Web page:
"Society's to blame" used to be the left's lazy shorthand for the causes of all crime, poverty, and social unrest. These days, it has become the lazy mantra of the right. What with all this unanimity, it's clearly time to do away with society for good.
Here is the societal mantra of today's right: "State-sponsored single parenthood and idleness, easy contraception and divorce, the effective abolition of value judgments, the undermining of the traditional nuclear family - all these were propagated by progressives and lefties and, through them, enforced by the state. The state should roll all these things back and bring back the 1950's or a more tolerant version of them."
Increasingly, also, people who would, in the past, have been on the left, (social and youth workers, teachers, for example) have started to see their old progressive agenda as a dangerous and irresponsible creed. Shaun Bailey sounds like one of them and he writes about it in today's Daily Telegraph.
The piece is persuasive and underpinned by personal experience. No-one will argue with what he describes as "common sense" - only, perhaps, with the implied means of administering it. For if the state is the only agency able to correct these wrongs, its good intentions and actionism in doing so will lead to terrible unintended consequences just as awful as the good intentions of the 60's and 70's did. Society will still be to blame.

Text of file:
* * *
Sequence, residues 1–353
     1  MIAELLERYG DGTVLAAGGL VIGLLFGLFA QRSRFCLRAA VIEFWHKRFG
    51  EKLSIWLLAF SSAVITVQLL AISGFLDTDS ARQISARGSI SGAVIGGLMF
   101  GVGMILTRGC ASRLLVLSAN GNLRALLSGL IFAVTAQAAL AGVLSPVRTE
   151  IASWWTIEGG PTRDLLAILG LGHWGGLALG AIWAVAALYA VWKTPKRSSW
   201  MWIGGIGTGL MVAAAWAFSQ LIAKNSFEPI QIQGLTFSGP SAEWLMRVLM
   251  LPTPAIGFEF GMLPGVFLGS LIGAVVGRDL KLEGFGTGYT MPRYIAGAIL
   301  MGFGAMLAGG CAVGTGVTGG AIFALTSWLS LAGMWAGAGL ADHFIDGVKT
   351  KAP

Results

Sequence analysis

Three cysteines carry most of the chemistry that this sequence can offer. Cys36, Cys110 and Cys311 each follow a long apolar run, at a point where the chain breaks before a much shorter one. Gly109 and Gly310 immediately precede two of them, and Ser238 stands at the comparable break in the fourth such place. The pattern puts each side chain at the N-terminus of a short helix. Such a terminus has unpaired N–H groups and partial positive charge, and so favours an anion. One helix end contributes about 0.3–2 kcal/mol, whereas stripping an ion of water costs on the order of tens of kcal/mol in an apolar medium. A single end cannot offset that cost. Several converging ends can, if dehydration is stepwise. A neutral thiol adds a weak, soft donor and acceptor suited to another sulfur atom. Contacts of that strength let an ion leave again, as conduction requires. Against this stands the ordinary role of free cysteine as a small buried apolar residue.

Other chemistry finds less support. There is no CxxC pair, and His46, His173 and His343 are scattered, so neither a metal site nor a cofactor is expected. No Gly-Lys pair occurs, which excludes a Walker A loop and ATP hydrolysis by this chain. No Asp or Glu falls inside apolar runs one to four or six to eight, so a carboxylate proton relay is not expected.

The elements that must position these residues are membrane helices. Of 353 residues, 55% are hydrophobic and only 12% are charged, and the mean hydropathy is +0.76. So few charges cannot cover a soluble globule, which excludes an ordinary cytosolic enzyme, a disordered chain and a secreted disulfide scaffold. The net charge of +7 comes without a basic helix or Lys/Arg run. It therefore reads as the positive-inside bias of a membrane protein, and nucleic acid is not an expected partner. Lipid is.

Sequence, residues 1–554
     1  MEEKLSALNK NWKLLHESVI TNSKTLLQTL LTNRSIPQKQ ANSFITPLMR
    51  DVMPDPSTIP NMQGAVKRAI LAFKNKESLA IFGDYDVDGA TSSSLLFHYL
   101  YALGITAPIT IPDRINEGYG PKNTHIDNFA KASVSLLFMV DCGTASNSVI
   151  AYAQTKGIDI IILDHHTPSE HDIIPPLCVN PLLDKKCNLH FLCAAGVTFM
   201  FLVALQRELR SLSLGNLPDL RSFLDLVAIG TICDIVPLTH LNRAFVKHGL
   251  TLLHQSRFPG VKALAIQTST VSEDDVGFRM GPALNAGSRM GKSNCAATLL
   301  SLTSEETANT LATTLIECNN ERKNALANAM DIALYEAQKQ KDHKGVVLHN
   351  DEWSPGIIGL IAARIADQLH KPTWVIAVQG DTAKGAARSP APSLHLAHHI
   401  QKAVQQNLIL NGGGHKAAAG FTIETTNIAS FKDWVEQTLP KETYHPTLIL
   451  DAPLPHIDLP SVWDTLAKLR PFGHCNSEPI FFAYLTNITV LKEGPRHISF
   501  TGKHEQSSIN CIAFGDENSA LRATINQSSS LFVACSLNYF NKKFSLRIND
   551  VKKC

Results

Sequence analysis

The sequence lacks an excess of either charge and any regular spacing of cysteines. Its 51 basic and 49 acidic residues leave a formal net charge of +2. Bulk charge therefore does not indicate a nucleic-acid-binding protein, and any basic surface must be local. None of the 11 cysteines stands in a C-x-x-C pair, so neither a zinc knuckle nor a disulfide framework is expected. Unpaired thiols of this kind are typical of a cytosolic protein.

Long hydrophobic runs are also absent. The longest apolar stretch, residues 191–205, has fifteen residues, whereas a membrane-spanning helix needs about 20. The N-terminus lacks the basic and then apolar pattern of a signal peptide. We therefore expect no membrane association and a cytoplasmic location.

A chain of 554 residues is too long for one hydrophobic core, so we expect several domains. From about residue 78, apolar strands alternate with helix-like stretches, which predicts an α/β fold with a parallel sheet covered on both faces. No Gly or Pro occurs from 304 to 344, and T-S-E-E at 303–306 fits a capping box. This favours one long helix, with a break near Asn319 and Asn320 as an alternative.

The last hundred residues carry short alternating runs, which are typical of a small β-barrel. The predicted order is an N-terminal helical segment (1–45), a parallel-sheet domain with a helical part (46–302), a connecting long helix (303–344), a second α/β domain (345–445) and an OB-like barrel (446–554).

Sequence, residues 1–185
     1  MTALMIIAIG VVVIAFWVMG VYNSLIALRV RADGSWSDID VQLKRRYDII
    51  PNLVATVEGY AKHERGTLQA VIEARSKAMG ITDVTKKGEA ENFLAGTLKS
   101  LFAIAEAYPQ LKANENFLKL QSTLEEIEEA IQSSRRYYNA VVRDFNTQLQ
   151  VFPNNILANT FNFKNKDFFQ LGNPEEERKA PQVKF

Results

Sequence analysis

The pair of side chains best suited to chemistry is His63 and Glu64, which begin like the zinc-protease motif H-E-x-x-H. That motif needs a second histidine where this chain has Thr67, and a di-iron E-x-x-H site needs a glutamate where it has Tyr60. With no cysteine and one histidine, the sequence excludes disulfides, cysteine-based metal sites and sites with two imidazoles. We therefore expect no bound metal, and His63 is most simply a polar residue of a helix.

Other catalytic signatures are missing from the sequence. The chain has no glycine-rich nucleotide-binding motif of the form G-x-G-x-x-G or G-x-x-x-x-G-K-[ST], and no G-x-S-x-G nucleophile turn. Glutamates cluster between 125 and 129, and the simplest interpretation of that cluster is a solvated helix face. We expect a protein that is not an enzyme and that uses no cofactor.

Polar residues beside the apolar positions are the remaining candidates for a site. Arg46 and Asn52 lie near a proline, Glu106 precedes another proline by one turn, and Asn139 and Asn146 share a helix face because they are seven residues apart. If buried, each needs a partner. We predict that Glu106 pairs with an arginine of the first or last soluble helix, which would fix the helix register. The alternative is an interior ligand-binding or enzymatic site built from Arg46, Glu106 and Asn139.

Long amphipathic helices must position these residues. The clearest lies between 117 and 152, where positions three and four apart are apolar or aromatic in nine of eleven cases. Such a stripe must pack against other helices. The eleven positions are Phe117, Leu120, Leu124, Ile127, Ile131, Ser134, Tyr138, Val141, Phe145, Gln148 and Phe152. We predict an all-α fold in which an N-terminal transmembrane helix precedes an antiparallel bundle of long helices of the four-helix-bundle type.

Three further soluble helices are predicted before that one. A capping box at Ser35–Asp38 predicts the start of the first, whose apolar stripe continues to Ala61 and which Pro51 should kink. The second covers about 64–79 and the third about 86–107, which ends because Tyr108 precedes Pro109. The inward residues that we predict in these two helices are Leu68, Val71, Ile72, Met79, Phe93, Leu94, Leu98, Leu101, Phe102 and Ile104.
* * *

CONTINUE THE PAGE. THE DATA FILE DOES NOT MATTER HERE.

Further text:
The question to ask, in light of all this unpleasantness, is whether, in letting state policies veer us from one well-meaning platform to the next, we are surrendering the ability to live our lives separate from state meddling at all.
Margaret Thatcher is deeply unfashionable at the moment, to the extent of having been partially disowned by the new Conservative leader, David Cameron. But she saw our dilemma clearly enough, twenty years back, when she said that "there's no such thing as society". Whilst one can argue the semantics, in its essence, she was right and remains right: politics should not seek to influence an amorphous abstract ungraspable entity known as "society", but deal on a more precisely individual level, with people - families, associations and interest groups - on their own merits, and with a view to minimising any meddling in their affairs by "society" or the state.
What we need is a plan to get society off everyone's backs. Only then will society no longer be to blame - and we can get back to blaming each other instead.
Telegraph Opinion The reason our streets are so violent